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“So You Want to be an Author”: The Yellow Brick Road of Translation, Adaptation, and Translated Plagiarism Open Access


Other title
Translation, Adaptation, Translated Plagiarism
The Wonderful Wizard of Oz
The Wizard of the Emerald City
Type of item
Degree grantor
University of Alberta
Author or creator
Sergachov, Alina
Supervisor and department
Sywenky, Irene (MLCS)
Examining committee member and department
Osadnik, Waclaw (MLCS)
Pogosjan, Jelena (MLCS)
Sywenky, Irene (MLCS)
Department of Modern Languages and Cultural Studies
Translation Studies
Date accepted
Graduation date
Master of Arts
Degree level
During the Soviet era, the practice of retelling foreign fiction was relatively common. In 1939, translator Alexander M. Volkov, took the liberty of retelling a well-known Western tale. To be more precise, Volkov changed the title and the names of the characters, omitted and added some chapters, and discarded the name of the author in the process. As a result, generations of readers grew up without knowing that their favorite book was penned by L. Frank Baum and known in the United States as The Wonderful Wizard of Oz. Given that Volkov’s version of Baum’s tale was published during the Soviet era, there is an overall tendency to relate the discrepancies between The Wonderful Wizard of Oz and The Wizard of the Emerald City to the influence of ideology and censorship, overlooking other potential factors. With the aim of filling the gap, my thesis examines how, and postulates why, Volkov has deviated from the source text. This problem is discussed through a comparison of The Wonderful Wizard of Oz with The Wizard of the Emerald City (1959, revised edition). In addition to examining Volkov’s modifications using seven categories, this thesis addresses his role in rewriting Baum’s tale by attempting to differentiate between translation, adaptation, appropriation, parody and translated plagiarism in general, and, in particular, situate The Wizard of the Emerald City within these conceptual categories.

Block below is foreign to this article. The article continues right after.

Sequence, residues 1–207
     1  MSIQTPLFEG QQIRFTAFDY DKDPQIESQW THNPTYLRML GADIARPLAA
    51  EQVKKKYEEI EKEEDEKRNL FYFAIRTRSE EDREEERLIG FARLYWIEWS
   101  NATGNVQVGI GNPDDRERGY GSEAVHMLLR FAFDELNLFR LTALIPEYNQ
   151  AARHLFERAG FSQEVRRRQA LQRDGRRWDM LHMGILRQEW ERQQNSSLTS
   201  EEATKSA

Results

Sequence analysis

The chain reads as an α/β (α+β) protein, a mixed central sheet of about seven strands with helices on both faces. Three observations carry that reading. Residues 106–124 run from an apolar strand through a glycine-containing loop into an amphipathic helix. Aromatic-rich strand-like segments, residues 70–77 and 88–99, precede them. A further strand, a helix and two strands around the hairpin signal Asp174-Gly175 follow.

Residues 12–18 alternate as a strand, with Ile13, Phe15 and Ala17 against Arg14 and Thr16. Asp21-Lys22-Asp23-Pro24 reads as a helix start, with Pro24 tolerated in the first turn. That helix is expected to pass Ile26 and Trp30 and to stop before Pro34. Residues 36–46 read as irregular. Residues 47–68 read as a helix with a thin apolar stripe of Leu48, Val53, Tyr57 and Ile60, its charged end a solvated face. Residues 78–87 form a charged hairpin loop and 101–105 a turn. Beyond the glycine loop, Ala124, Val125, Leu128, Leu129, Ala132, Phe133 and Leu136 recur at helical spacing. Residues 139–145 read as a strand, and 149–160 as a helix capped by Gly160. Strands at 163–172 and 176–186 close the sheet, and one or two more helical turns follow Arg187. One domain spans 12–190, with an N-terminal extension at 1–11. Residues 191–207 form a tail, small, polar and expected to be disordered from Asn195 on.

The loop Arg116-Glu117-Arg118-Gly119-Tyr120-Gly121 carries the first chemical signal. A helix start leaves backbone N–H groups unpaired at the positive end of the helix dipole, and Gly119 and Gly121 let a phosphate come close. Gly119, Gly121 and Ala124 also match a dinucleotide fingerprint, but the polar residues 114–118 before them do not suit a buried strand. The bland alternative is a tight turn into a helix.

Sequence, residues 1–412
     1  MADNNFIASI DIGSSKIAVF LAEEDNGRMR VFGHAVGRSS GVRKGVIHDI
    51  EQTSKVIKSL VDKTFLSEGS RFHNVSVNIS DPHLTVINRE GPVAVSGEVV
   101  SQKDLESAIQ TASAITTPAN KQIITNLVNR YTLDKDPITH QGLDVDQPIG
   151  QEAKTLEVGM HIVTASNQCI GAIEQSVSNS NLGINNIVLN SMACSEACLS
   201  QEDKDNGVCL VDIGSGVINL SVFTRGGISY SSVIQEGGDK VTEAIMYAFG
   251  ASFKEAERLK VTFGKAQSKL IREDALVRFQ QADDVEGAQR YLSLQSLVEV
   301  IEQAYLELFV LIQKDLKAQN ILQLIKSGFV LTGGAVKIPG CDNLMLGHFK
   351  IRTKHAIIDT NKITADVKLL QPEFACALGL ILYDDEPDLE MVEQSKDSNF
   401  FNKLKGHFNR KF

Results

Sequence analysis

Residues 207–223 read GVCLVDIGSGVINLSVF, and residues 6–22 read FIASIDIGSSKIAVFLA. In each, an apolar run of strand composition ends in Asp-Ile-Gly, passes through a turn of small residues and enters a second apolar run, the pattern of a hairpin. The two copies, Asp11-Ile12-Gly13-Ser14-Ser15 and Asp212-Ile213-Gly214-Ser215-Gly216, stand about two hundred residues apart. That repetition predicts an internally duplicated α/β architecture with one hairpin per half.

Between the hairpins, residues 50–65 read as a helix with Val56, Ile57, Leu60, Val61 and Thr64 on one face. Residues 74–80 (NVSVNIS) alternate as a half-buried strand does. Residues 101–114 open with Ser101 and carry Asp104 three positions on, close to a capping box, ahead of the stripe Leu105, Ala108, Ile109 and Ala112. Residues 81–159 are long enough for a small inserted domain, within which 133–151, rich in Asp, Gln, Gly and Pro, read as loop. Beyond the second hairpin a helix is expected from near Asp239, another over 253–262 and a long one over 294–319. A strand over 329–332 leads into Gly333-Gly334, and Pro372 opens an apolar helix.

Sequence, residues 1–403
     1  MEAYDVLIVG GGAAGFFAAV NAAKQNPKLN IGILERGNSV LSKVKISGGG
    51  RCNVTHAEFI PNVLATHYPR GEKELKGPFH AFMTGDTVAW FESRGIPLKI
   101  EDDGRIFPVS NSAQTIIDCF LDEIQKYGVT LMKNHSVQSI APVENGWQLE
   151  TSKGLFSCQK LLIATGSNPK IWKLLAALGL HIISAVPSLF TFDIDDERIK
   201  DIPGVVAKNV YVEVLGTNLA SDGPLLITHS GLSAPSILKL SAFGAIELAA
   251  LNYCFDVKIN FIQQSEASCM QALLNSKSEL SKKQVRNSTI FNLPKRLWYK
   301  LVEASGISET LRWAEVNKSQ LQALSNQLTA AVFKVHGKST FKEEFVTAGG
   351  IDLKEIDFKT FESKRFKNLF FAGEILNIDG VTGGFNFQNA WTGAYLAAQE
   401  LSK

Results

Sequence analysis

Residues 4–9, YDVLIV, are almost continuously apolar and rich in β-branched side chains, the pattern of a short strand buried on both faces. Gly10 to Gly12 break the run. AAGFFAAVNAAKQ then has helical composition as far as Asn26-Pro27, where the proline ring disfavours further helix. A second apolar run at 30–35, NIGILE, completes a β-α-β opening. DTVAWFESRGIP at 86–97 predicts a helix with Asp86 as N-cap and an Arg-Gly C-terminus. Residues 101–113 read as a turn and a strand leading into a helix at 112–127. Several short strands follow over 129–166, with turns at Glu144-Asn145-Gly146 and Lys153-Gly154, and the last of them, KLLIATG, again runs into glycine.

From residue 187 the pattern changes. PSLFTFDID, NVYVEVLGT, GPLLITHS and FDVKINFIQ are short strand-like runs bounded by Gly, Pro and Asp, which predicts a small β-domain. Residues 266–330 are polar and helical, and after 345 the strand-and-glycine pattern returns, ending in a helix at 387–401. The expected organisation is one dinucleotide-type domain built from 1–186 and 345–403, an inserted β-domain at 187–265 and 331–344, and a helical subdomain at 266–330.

This thesis is made available by the University of Alberta Libraries with permission of the copyright owner solely for the purpose of private, scholarly or scientific research. This thesis, or any portion thereof, may not otherwise be copied or reproduced without the written consent of the copyright owner, except to the extent permitted by Canadian copyright law.
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